This week, a woman was attacked while jogging during the day on a trail close to the St. Peters Rec-Plex. The attacker approached her from behind and shoved her to the ground. He ultimately ran away; and she escaped with a few minor scrapes. But the outcome could have been much worse.
Running is very popular. In almost every city and neighborhood across the country, you can find runners out at all times of the day and night. If hitting the pavement is your favorite form of exercise, follow these simple rules from Active.com to stay safe:
1) Do Not Run Alone
Two people are harder to control than one, so attackers are less likely to strike. If they do, you just doubled your chance of survival. If you don’t have someone to run with, get a medium to large breed dog. Not only does it make you a less attractive target, dogs can sometimes sense danger before we can.
2) Do Not Run With Earphones
When you have loud music blaring in your ears, you can’t hear a potential attacker come up behind you and it also slows your reaction time. Most runners have the bad habit of tuning out while running. But when you dull your senses, you are less effective in the case of a surprise attack. If you must run with music, only use one earpiece, and switch ears during your run.
3) Alter Your Route
When you run the same routes, day after day, it only makes you an easier target for stalkers.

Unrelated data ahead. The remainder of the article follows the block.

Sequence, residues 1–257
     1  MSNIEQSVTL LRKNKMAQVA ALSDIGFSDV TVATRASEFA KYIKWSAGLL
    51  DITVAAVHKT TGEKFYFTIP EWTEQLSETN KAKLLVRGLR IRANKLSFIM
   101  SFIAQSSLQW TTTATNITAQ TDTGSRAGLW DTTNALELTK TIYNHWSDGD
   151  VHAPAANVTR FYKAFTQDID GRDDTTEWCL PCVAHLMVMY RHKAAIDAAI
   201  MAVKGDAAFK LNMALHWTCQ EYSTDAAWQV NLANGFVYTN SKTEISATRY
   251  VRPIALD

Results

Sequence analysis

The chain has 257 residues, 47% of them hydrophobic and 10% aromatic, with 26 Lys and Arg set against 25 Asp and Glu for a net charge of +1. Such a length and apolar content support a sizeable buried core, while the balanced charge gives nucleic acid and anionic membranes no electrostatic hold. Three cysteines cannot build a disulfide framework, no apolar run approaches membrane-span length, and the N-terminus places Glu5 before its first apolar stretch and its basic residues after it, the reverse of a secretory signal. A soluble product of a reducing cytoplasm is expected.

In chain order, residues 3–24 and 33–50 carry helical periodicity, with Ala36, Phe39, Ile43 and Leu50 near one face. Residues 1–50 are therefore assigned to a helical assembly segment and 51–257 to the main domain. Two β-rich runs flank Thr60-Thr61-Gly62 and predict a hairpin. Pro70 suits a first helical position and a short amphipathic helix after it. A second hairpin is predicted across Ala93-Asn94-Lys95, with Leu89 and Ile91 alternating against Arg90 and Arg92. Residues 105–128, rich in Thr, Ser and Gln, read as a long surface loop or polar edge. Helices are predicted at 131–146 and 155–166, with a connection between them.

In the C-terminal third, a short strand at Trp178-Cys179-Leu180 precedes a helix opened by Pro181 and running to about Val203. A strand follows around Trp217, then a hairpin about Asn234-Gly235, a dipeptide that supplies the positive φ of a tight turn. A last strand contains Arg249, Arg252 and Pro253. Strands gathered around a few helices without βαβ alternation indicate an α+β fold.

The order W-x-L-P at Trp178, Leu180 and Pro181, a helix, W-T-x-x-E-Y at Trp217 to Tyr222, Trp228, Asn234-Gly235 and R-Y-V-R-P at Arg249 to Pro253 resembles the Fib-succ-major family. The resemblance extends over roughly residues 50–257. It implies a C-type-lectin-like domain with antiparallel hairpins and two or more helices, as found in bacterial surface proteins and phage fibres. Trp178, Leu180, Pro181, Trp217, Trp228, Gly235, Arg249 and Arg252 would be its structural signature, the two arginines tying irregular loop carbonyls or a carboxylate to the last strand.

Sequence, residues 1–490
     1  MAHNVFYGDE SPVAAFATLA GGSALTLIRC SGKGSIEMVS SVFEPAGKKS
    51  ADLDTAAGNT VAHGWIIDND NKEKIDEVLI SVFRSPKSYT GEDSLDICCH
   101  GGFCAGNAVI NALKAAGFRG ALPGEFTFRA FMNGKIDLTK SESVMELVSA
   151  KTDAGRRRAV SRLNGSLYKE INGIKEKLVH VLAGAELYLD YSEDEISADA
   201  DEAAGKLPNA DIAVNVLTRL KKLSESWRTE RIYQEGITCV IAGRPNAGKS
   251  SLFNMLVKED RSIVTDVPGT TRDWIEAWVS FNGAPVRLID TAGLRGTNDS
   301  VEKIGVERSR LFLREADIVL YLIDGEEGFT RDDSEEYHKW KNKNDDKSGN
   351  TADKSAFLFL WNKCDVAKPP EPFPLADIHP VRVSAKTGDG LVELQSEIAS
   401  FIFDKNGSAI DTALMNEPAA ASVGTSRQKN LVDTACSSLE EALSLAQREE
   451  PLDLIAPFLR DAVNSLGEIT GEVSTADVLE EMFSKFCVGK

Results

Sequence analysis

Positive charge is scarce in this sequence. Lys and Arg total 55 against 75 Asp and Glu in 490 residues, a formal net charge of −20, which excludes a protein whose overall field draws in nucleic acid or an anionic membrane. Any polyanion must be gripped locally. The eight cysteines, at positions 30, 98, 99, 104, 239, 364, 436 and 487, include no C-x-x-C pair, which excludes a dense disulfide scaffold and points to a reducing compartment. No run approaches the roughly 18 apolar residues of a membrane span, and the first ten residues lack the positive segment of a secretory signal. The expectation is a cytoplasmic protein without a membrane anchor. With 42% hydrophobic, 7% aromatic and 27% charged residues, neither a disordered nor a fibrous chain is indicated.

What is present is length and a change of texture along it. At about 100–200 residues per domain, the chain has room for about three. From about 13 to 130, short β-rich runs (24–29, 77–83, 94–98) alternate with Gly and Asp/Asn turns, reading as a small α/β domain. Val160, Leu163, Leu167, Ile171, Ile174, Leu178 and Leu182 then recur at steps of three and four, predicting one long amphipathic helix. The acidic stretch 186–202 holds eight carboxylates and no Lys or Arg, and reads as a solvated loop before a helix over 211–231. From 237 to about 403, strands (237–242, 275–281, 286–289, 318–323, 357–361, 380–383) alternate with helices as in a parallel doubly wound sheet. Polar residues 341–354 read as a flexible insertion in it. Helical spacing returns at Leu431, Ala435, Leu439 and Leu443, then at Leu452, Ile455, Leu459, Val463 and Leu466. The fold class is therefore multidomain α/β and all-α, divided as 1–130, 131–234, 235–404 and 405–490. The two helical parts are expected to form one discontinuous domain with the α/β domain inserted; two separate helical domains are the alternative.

Altering your route makes you harder to track and keeps you more alert during your run because you are navigating unfamiliar terrain. The more alert you are, the more likely you are to escape an attack. Use websites like mapmyrun.com to find ready-made runs in your area.
4) Run Against Traffic
It makes it harder for someone to abduct you in a vehicle if you see them coming. This also helps prevent traffic related accidents, especially if you like to run in the early morning or at dusk.
This stands for four vulnerable parts of a person: Solar plexus, Instep, Nose and Groin.
If you are attacked from behind self-defense experts tell you to elbow your attacker in the stomach, stomp on their instep, turn and shove the heel of your hand up their nose, then knee their groin. This sounds easier than it is, so take a self-defense class about every five years to keep the concepts fresh and your reaction time quick.
6) Carry Runner’s Mace
Mace and pepper spray are legal to carry in both Missouri and Illinois. Runner’s mace is a small can (3/4 oz.) that has a Velcro strap and fits easily around your hand or wrist. It is effective up to 8-12 feet away—depending on aim—and one burst is usually enough to stop someone.
Buy more than one can and practice using it during and after your run. Physical exertion, especially intense physical exertion, takes blood away from our brain and thus has a detrimental effect on our ability to think and aim. If you are going to carry a weapon while you run—and mace is a weapon— then you should know how to use it effectively.
Bottom line, don’t be an easy target, be aware of your surroundings, listen to your instincts and know what to do in the case of an attack. If something doesn’t feel right, it probably isn’t. Listen to your instincts – stop, look around and find the quickest exit.